Rare Silver Nuggets And Their Origins
March 2018 by Michael Roney
Silver nuggets have been described as “ultra-rare,” “prized” and “unique.” Naturally occurring silver nuggets are rare enough to suggest caution when purchasing. Fakes have reportedly been produced and misrepresented for sale as genuine specimens.
In this case, signs of gold were found at the bottom of the alluvial and then traced in a triangle up the face of the mountain until they stopped—that is where the digging began.
Gold has always been noted to have an affinity for quartz to such a degree prospectors almost always dig on quartz veins in a search for the precious metal.
The strike and the dip of the veins can be broken down into two categories: veins in the eastern area and along Lander Hill, and the veins in the southwestern portion of the district.
The process of recognizing ores all starts with being able to recognize some basic minerals and knowing what hard rock ore looks like in the districts where you prospect.
The truth is that cemented gravels are really not all that complex. There is no mystery of how gold grew there or somehow wormed its way into these solid gravels.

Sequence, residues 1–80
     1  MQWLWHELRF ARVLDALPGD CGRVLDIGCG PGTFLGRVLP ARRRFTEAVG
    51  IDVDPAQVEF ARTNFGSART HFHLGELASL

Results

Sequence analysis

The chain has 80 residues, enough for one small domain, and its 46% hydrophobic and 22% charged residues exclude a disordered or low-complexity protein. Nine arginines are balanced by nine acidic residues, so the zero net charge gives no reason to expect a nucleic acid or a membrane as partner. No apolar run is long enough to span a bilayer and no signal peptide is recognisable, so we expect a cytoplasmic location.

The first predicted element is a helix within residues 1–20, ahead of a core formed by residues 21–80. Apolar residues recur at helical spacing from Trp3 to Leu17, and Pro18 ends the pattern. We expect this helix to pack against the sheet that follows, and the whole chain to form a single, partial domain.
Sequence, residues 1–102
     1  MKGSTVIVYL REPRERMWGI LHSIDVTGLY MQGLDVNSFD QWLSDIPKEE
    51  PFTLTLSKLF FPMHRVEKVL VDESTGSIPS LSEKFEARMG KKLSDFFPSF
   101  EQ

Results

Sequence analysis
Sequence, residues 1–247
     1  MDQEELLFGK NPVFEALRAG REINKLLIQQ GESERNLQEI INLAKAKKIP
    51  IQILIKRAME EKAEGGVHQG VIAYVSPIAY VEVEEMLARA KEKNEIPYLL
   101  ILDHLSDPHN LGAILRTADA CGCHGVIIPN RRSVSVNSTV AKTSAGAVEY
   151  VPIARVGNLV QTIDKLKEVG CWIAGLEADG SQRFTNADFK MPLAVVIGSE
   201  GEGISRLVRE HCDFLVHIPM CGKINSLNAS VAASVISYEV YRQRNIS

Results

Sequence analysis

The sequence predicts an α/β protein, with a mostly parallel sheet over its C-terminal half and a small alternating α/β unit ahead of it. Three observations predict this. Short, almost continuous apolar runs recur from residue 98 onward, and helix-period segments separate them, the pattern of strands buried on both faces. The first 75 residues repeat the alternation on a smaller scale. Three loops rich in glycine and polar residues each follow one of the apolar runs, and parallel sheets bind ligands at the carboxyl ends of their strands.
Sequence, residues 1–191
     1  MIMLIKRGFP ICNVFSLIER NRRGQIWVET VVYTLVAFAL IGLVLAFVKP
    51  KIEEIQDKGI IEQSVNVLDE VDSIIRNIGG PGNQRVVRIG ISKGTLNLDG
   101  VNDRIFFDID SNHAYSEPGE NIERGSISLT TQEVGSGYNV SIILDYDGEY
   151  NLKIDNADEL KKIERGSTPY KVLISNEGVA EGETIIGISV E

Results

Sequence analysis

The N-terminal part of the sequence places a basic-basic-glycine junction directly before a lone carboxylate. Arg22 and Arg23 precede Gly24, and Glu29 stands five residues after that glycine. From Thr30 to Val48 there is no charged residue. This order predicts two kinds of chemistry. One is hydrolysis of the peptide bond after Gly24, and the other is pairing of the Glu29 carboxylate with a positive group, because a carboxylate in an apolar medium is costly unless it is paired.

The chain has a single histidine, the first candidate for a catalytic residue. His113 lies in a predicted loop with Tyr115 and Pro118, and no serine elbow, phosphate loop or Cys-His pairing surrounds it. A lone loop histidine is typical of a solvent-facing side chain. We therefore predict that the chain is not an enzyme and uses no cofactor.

The decision was made to move the dredge intact, a massive undertaking indeed. The goal was to move it only one mile to the Busby’s Chicken Gold Camp, but what a mile that was to be.
I’ve been fascinated by iron minerals for many years. So let’s take a look at this very interesting and colorful element.
The Bawl Mill • The Wild Rush To Find More Cobalt—Part II • Trash! A Hindrance Or Hot Spot For Hidden Gold? • Legislative and Regulatory Update • Re-Opening Nevada’s Relief Canyon Mine • PLP and MMAC Update • New Rules For Taxing Pass-Through Income • Sulfides and Intergrain Gold Wire Nuggets • Man Who Died In Yellowstone In 2017 Was Looking For Hidden Treasure • $50 Million in Gold From 1857 Shipwreck Approved for Sale • Melman on Gold & Silver • Mining Stock Quotes and Mineral & Metal Prices